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10 Articles in Volume 15, Issue #9
Differentiating Insomnia and Depression in Chronic Pain Therapy
Improving the Sex Lives of Patients With Chronic Pain
Incorporating Concierge Medicine into Pain Management
Interdisciplinary Rehabilitation: Information for Pain Practitioners
Latest Advances in the Diagnosis and Treatment of Polymyalgia Rheumatica
Letters to the Editors: Arachnoiditis, Pituitary Adenoma
Opioid Withdrawal: A New Look at Medication Options
Oral Opioids: Not for Everybody
Oxycodone Metabolism
Sexual Therapy for Patients with Chronic Pain

Differentiating Insomnia and Depression in Chronic Pain Therapy

Both insomnia and depression are considered comorbidities of chronic pain. However, insomnia should be considered its own entity, not just a symptom of depression or pain.

It is well established that chronic pain has a bidirectional relationship with insomnia—insomnia results in sleep deprivation, which leads to increased pain intensity the next day, which in turn makes it more difficult to have a good night’s sleep.1-4

Despite this relationship, insomnia typically is perceived as a secondary symptom of chronic pain. This may partially be due to how chronic pain patients express their sleep problems. It is common to hear a patient say: “I am in so much pain, so it is hard to sleep” or “Often, I wake up in the middle of the night because of the pain, and it’s hard to go back to sleep.” These complaints are legitimate.

The perception of insomnia as a secondary symptom also may be exacerbated by the fact that insomnia is a symptom of depression, which also is linked to chronic pain. Studies have shown that chronic pain is a strong predictor of the onset and maintenance of depression.5 Being constantly in pain can wear people down over time and affect mood.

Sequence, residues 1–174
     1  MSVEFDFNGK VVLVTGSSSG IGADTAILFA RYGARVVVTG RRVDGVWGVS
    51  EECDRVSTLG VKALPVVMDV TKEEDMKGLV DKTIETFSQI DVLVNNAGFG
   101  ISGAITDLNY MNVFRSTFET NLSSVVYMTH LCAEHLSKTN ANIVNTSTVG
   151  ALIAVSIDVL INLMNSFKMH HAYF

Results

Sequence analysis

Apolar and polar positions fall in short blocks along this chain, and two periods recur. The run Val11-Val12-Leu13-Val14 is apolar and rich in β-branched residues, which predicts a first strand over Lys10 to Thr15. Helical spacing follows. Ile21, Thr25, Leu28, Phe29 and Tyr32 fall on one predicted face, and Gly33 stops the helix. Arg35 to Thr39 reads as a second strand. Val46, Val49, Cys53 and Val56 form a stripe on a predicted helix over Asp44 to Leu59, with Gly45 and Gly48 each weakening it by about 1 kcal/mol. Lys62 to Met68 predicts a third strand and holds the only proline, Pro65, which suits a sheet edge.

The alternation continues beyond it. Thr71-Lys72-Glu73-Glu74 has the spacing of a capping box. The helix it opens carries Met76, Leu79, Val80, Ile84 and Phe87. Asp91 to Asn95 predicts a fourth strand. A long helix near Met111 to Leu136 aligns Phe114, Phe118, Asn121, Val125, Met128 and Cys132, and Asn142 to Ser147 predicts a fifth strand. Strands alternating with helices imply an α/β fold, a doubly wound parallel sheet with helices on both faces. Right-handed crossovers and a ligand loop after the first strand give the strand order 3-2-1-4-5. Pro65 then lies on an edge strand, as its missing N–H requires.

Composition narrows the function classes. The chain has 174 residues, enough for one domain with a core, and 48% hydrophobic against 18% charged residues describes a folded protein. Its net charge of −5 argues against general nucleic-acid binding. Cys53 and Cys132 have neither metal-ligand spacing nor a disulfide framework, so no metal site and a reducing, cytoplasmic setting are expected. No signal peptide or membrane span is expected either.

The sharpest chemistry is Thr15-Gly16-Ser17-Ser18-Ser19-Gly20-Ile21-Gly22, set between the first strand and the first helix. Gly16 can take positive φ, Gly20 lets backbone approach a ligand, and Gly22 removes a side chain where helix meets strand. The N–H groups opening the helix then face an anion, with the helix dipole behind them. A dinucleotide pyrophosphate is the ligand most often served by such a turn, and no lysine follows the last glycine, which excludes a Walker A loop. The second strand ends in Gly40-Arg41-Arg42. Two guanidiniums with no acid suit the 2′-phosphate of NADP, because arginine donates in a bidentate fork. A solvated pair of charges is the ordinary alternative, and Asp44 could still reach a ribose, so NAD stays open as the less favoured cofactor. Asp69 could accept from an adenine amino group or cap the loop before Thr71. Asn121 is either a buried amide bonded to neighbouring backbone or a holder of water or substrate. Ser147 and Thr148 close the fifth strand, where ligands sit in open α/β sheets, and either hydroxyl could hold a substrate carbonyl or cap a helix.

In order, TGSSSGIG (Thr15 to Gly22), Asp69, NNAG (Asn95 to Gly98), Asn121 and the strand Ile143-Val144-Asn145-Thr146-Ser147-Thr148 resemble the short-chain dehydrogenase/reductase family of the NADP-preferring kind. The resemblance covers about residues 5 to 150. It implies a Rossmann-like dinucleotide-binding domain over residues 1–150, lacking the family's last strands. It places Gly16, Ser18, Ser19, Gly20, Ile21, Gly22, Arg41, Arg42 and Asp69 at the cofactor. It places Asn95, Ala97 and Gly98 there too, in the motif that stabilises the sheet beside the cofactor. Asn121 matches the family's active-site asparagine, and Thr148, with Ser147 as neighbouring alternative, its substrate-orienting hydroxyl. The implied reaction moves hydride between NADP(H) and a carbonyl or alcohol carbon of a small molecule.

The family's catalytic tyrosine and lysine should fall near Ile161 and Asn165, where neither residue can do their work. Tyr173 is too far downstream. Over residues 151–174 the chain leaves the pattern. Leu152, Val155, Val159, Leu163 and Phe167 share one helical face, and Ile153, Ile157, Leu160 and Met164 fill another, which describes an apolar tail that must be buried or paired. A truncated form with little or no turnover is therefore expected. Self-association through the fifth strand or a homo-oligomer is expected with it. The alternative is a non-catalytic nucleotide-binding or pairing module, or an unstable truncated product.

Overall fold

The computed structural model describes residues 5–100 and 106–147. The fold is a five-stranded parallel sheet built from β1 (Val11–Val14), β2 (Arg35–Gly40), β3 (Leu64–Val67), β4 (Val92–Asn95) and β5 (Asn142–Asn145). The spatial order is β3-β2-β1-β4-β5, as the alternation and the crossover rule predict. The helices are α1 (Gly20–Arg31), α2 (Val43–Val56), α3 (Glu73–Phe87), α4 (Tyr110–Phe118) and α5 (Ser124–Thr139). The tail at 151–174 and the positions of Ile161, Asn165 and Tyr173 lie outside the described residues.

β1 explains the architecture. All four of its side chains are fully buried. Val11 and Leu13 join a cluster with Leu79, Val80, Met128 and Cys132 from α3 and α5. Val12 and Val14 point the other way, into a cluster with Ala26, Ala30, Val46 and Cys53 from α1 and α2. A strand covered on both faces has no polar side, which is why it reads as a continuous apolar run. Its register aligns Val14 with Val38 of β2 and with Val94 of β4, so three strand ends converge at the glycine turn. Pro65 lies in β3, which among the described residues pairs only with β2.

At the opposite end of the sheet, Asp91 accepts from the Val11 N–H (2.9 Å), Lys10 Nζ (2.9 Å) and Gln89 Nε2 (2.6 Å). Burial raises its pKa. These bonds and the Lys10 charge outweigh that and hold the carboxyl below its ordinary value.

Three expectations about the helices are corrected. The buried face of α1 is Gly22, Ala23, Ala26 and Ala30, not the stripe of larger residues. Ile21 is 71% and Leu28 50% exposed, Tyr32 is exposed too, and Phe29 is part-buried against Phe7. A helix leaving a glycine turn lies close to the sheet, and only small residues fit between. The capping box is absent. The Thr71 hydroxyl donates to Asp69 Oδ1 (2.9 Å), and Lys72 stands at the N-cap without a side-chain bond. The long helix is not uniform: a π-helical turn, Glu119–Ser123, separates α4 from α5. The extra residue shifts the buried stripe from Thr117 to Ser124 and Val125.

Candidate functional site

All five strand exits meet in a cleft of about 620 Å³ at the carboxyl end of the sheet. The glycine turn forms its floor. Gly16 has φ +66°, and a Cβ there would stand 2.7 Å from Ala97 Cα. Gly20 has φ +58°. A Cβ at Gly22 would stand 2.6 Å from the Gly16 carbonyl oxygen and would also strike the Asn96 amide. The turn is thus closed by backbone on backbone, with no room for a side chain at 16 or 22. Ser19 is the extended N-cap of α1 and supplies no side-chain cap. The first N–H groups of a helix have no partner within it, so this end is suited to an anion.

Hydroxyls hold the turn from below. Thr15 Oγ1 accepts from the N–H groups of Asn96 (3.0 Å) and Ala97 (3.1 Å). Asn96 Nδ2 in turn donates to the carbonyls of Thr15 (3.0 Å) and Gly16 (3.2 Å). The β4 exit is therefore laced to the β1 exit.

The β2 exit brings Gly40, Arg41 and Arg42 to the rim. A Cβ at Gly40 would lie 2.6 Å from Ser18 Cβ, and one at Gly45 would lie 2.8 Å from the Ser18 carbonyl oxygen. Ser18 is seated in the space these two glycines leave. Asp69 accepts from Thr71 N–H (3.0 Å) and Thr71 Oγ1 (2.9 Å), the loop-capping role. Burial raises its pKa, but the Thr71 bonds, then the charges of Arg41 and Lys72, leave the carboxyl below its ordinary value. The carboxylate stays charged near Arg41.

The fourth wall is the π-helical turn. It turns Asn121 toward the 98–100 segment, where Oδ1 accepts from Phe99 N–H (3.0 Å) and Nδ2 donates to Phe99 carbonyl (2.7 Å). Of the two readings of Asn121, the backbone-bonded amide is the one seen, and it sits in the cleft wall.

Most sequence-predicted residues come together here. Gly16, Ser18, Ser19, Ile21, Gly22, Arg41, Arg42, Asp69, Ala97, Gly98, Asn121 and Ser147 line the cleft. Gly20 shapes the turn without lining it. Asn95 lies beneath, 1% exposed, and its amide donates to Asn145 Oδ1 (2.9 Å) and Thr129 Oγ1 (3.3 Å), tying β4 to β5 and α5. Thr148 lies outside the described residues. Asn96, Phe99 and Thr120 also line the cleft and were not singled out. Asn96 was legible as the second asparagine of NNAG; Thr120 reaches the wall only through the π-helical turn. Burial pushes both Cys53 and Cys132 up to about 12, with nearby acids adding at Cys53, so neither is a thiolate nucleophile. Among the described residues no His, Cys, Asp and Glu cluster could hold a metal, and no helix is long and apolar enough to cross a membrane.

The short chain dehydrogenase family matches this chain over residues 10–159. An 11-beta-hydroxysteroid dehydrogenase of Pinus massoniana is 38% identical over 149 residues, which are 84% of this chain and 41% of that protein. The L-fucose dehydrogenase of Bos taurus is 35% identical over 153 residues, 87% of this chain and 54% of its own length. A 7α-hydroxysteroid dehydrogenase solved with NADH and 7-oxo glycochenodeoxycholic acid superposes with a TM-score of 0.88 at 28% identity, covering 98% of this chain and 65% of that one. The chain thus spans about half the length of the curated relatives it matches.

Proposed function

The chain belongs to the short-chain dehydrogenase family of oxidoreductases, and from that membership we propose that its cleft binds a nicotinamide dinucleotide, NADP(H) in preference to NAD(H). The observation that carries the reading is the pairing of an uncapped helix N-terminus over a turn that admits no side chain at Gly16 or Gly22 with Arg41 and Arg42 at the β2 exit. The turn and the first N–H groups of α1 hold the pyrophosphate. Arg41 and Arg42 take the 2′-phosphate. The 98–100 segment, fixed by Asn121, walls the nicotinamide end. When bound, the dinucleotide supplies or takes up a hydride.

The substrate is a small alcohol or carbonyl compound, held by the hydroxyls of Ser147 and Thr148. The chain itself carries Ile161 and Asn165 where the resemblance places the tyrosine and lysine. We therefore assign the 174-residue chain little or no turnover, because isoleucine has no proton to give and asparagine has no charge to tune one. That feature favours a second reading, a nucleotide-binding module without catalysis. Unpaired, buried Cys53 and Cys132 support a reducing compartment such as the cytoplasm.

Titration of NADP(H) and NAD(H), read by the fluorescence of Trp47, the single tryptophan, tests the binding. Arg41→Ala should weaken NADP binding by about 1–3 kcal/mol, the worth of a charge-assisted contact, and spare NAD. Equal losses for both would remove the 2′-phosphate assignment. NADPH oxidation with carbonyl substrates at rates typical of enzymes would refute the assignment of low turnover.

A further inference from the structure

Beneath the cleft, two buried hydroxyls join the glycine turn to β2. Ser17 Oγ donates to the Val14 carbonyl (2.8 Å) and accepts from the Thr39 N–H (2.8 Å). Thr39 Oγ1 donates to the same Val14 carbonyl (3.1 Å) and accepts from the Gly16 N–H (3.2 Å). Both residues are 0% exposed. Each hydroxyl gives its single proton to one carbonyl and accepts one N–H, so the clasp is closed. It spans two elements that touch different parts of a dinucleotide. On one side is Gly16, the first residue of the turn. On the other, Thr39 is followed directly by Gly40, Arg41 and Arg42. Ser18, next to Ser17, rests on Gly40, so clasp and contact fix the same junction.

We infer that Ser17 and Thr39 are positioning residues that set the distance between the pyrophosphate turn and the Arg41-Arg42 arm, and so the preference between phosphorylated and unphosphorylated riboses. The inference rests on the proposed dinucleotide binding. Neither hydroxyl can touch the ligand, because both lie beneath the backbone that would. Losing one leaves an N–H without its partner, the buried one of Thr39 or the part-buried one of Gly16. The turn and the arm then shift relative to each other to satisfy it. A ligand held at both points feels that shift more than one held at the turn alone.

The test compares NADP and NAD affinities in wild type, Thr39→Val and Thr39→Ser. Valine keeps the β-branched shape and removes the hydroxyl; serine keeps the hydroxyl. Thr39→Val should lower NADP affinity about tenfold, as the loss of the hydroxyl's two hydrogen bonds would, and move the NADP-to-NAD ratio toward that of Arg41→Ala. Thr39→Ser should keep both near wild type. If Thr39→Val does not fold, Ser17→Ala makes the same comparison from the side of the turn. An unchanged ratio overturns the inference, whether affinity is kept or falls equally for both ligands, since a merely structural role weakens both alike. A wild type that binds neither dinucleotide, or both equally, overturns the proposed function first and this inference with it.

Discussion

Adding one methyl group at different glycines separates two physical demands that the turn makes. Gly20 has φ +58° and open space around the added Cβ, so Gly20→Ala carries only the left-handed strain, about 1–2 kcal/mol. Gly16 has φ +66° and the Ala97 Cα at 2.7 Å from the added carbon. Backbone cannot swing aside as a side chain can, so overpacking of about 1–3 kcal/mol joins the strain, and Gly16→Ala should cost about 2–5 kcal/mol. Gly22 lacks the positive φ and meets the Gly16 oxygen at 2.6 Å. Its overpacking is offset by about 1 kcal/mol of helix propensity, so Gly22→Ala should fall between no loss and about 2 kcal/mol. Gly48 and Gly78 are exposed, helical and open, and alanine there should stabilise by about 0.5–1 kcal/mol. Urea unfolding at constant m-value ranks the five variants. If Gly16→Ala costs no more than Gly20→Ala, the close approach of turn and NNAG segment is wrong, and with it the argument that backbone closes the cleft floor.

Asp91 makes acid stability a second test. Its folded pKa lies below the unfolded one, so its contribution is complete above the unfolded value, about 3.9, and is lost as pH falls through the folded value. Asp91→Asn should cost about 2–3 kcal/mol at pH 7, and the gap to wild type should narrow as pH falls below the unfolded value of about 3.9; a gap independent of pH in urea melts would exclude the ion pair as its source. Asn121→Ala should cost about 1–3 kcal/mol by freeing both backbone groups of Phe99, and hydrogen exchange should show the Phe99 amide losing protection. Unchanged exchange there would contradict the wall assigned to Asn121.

Furthermore, chronic pain can limit activity, disturb sleep, and interfere with work performance, leading to depressed mood. Depression also can cause pain or exacerbate the pain experience.6 The resulting pain worsens depression, and depression intensifies the pain. Hence, a vicious cycle is created.

In terms of the insomnia-depression relationship, insomnia is listed as a symptom of depression. Depressed people may suffer from difficulty falling asleep (sleep-onset insomnia) or disturbed sleep throughout the night (sleep-maintenance insomnia). Patients with depressive symptoms often mention that they suffer from sleeplessness or that they find it hard to fall asleep.

However, although insomnia may be a predictor of depression, it is not always present with depression.7 Wilson et al found that insomnia is not always present as a symptom in chronic low back pain patients diagnosed with major depression.8 The same study demonstrated that not all chronic low back pain patients diagnosed with clinical insomnia suffer from major depression. In addition, studies evaluating a chronic musculoskeletal pain population have found that patients with severe insomnia do not always score high on depression measures and vice versa.9,10

This points to the conclusion that insomnia is a separate entity from depression in chronic pain. Rather, insomnia is comorbid with depression in chronic pain, not just a symptom of depression. This article will review insomnia and depression in the context of chronic pain, and discuss why insomnia and depression treatment in chronic pain needs to be differentiated.

Insomnia in Chronic Pain

Definition and Etiology

Over the years, insomnia has been cited as the most common sleep-related complaint.11,12 Although the term insomnia generally is used to describe difficulty initiating sleep, maintaining sleep, or having restorative sleep, there is a lack of consensus regarding what exactly constitutes insomnia, and there is no formal definition of insomnia.

There are several theories about the etiology of insomnia. One of them classifies insomnia as a disorder of hyperarousal.13 Hyperarousal may manifest as difficulty initiating and maintaining sleep at night, as well as creating a hypervigilant state during the day.14,15